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Dyrehave Mill

The Dyrehave Mill property comprises a fully intact piece of cultural heritage standing as a valuable testament to the type of architecture typical of Denmark’s transition from an agricultural society to a knowledge society.

Dyrehave Mill in Nyborg is situated on the very edge of the former royal deer park, Dyrehaven, which belonged to the Danish royal palace. Located at the highest point in the park, the mill, which dates from 1858, has become one of the city's landmarks. The mill incorporates a storehouse, garages, a mill-house and a garden, and it is an extremely well-preserved and fully intact piece of cultural heritage telling the story of an essential industry and the buildings which facilitated it. Realdania By & Byg acquired Dyrehave Mill in 2018 in order to preserve a type of building that, although now redundant, was at one time a fixture in every town and district of Denmark.

In May 2019, Realdania By & Byg commenced restoration of the mill, and in early 2020 the first phase of the restoration of the property’s remaining buildings was underway. In 2021, the property was inaugurated. The mill itself is run and disseminated by the Museums of Eastern Funen while the mill-house is let out as residencies.

Dyrehave mill was built on the model of a Dutch gallery windmill, and somewhat unusually features, fully seven lofts, making it Denmark's tallest mill (with Gudhjem Mill). The gallery is the external timber walkway from which the miller could operate the wings of the windmill, and which made it possible to build a taller mill. The mill complex as a whole is preserved fully intact, together with a large quantity of mill equipment, tools and curios, all of which tell the story of life at the mill.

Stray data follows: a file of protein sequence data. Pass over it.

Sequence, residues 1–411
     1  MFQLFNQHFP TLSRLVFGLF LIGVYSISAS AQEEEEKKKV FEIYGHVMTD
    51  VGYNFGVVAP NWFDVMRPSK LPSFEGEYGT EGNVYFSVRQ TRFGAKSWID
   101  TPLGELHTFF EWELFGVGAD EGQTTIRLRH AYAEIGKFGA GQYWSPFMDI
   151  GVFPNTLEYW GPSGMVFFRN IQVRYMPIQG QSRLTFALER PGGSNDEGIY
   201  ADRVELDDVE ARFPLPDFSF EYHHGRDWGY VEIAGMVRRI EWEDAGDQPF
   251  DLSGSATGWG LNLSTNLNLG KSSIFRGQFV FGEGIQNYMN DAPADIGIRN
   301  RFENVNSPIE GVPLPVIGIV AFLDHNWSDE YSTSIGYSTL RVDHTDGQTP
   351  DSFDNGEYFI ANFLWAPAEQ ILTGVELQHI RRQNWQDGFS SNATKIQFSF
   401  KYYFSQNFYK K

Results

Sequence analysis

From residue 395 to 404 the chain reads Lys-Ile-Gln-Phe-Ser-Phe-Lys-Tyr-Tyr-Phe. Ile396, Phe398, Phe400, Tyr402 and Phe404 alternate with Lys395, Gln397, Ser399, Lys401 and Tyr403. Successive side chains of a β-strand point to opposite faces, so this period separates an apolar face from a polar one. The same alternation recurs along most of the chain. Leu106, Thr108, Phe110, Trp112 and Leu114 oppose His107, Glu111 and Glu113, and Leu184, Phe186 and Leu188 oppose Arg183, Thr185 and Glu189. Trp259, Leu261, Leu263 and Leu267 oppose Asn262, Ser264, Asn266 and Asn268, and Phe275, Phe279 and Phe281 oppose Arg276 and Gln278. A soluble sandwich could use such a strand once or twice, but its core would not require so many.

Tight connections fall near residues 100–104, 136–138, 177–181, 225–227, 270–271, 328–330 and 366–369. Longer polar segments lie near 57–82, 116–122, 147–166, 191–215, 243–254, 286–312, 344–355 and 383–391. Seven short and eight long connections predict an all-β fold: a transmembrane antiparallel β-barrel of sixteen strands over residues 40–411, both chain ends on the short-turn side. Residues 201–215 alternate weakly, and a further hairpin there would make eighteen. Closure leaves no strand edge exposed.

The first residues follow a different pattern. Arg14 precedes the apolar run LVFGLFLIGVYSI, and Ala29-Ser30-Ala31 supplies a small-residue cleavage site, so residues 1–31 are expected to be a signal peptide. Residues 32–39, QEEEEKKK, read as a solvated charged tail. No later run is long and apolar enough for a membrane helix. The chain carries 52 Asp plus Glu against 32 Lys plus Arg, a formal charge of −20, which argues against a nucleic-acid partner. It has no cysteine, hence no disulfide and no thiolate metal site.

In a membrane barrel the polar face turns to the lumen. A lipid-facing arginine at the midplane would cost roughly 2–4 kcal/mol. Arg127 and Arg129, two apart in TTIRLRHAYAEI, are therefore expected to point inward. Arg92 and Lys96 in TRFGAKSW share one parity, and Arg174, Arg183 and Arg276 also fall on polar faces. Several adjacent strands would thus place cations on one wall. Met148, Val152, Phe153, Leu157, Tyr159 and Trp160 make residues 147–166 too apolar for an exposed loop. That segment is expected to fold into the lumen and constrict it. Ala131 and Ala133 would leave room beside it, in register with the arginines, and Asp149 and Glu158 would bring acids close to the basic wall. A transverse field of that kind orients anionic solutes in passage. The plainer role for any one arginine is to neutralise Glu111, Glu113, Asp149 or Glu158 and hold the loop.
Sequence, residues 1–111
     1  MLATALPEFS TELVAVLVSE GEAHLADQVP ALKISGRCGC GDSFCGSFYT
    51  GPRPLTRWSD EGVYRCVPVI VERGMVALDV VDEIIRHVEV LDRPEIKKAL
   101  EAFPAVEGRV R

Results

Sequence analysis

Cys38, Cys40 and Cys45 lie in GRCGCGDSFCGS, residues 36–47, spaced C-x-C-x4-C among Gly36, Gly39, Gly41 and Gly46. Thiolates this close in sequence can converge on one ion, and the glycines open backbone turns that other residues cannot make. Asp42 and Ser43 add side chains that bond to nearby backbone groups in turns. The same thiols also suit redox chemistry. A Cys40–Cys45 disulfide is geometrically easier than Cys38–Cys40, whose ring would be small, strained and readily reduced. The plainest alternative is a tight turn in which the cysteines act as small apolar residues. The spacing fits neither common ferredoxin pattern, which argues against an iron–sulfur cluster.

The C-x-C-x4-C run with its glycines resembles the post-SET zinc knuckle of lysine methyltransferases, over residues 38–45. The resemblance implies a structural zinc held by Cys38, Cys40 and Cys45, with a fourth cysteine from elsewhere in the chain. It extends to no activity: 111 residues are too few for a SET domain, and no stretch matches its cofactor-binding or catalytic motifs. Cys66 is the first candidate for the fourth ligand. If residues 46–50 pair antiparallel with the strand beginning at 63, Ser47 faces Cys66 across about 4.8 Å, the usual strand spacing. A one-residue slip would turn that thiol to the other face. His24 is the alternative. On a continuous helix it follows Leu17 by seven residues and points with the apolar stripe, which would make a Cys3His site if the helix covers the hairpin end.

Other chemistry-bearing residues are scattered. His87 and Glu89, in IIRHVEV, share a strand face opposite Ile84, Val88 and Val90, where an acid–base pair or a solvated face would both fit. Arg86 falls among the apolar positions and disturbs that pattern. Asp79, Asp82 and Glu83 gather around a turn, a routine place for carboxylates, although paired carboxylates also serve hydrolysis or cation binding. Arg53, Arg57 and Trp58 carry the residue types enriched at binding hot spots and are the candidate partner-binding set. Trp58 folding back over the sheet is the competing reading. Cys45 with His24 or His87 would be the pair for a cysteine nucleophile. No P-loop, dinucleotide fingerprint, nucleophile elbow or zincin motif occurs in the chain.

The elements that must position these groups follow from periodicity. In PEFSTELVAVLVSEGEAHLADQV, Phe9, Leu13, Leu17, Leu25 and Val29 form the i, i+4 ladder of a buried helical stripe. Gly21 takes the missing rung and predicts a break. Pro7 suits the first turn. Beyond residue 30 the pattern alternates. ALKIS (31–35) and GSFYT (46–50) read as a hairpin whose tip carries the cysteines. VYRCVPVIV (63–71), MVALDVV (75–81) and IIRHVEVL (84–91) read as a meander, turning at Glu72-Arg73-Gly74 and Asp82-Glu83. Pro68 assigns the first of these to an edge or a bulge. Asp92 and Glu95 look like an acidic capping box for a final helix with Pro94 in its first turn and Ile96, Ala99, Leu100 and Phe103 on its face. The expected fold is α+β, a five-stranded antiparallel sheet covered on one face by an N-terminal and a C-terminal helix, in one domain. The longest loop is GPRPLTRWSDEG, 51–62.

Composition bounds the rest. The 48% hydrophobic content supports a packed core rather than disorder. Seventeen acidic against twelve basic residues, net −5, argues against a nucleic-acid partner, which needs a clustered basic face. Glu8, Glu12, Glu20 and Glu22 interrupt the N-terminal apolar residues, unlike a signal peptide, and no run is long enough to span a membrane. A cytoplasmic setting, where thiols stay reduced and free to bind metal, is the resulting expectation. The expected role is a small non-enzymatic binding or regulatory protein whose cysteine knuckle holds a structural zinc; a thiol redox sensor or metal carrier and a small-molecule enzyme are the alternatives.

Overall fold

Dyrehave Mill was originally built to mill flour. The mill was hand-operated, meaning whenever the wings needed to be angled to catch the wind, or sails mounted, this had to be done by hand. The work was hard and required a lot of people. In order to ease the workload and increase productivity, the mill was improved with the help of new advances in technology, and improvements continued right up until around the Second World War. After this, improvements to the mill ground to a halt, and a mere 20 years later, in 1959, the mill was listed. As such, Dyrehave Mill not only tells the story of an industry, but also of the industry’s demise.

In addition to the mill itself, the property includes a mill-house, a garage building and a storehouse, all of which adjoin the main mill building. All of the buildings have been repeatedly rebuilt and extended. Ever since its construction, the mill-house has been divided into flats and it has been home to a number of families besides the miller’s own family. The garage building housed a baker’s oven, larder, henhouse, dovecot, privies and a number of bedrooms for millers. The large plot of land, with its ornamental and kitchen gardens as well as a number of fruit trees, has always been an important element of the property and contributed to the household economy. The preservation of the whole complex of buildings intact and in its entirety reaffirms the central place the mill occupied, not only as a workplace but as the focal point of daily life.

Photo: Helene Høyer Mikkelsen

Photo: Helene Høyer Mikkelsen

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Southern Denmark (Funen)

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